Trump, however, appeared confident that his popularity could carry him through.

While he would not identify his main rival — “I don’t want to talk about favorites. I think I’m doing well,” he said — Trump told NBC’s Matt Lauer and Savannah Guthrie that the crowds he had attracted in Iowa and New Hampshire would translate into votes across the country.

“There’s something going on,” he said. “There’s a movement.”

On Fox News Channel’s “Fox & Friends,” Trump took some pot shots at Bush, New York’s Daily News for its critical coverage and Clinton, whom he claimed is struggling with shrinking confidence and momentum.

With more than 90 percent of precincts reporting in New Hampshire, Trump had 35.2 percent to Kasich’s 15.8 percent.

Texas Sen. Ted Cruz — the winner in last week’s Iowa caucuses — was third in the GOP primary with 11.7 percent and Bush just behind at 11.1 percent. Florida Sen. Marco Rubio came in fifth, with 10.5 percent, and Christie had 7.5 percent. Two other Republicans, retired pediatric neurosurgeon Ben Carson and businesswoman Carly Fiorina, trailed further behind.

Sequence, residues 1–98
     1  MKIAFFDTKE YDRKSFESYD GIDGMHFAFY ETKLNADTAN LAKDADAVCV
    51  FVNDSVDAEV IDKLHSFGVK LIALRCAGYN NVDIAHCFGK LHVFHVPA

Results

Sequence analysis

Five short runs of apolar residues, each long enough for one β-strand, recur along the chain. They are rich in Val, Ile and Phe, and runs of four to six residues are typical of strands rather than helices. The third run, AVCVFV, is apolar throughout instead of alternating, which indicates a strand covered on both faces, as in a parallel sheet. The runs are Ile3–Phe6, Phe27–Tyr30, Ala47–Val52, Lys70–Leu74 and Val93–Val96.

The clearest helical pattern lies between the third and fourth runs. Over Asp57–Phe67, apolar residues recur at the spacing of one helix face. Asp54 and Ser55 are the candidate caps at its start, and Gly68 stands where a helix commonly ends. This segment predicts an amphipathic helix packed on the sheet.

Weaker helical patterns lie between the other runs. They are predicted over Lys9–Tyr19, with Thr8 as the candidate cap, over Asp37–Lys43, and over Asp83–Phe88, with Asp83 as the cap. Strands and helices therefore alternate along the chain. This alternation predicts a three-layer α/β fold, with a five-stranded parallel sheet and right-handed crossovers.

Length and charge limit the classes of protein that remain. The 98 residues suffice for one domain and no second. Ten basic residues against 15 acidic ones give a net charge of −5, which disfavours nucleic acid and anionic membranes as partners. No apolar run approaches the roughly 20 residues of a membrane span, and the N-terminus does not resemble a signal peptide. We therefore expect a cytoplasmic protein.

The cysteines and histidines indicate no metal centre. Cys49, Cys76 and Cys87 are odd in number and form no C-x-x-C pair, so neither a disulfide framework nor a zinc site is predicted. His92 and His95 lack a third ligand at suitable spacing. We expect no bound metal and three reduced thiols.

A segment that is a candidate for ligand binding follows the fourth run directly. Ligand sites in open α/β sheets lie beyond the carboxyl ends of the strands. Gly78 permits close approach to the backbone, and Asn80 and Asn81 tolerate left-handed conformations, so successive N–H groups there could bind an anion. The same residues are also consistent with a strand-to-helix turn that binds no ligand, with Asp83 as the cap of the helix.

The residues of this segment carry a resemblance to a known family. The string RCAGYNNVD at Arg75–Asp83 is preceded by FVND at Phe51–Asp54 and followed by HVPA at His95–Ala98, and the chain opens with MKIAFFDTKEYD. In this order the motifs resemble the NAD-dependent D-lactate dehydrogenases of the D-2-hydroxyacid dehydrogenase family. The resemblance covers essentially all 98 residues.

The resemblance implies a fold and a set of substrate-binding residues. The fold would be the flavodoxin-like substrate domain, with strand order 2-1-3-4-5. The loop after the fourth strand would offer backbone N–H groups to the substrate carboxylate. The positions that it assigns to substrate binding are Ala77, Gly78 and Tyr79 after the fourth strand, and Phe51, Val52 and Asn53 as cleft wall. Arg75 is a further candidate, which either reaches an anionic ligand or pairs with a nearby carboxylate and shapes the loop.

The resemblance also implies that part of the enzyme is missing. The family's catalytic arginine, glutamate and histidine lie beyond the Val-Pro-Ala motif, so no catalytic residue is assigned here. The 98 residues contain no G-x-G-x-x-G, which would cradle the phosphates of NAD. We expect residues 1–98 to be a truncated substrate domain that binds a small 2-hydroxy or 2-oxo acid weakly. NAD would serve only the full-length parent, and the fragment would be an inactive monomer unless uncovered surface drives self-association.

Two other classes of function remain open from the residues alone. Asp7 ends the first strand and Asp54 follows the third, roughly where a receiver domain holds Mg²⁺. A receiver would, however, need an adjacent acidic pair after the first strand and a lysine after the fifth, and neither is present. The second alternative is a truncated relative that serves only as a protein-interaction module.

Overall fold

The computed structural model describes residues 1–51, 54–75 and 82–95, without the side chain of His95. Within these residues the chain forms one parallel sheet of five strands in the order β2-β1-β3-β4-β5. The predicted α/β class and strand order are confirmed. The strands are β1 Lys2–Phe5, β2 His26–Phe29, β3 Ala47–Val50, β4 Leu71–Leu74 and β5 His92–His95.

The results seemed to be a good one for Trump, since it was likely that a large number rivals would continue on to the next primaries and possible divide the vote.

On the other side, Sanders defeated Clinton by the widest margin in the history of New Hampshire primaries, garnering 60 percent compared to her 34.2 percent.

“And tonight, with what it appears to be a record-breaking voter turnout, because of a huge voter turnout — and I say YUGE! — we won,” Sanders told supporters, poking fun at the New York accent he shares with Trump. The crowd had yelled “YUUUGE!” along with him.

Sanders said that the enthusiasm his supporters showed in New Hampshire could be replicated in other primaries and in a general election, with a strongly left-wing message drawing out new voters who would be left unenthused by a centrist.

“That is what will happen all over this country!” Sanders said.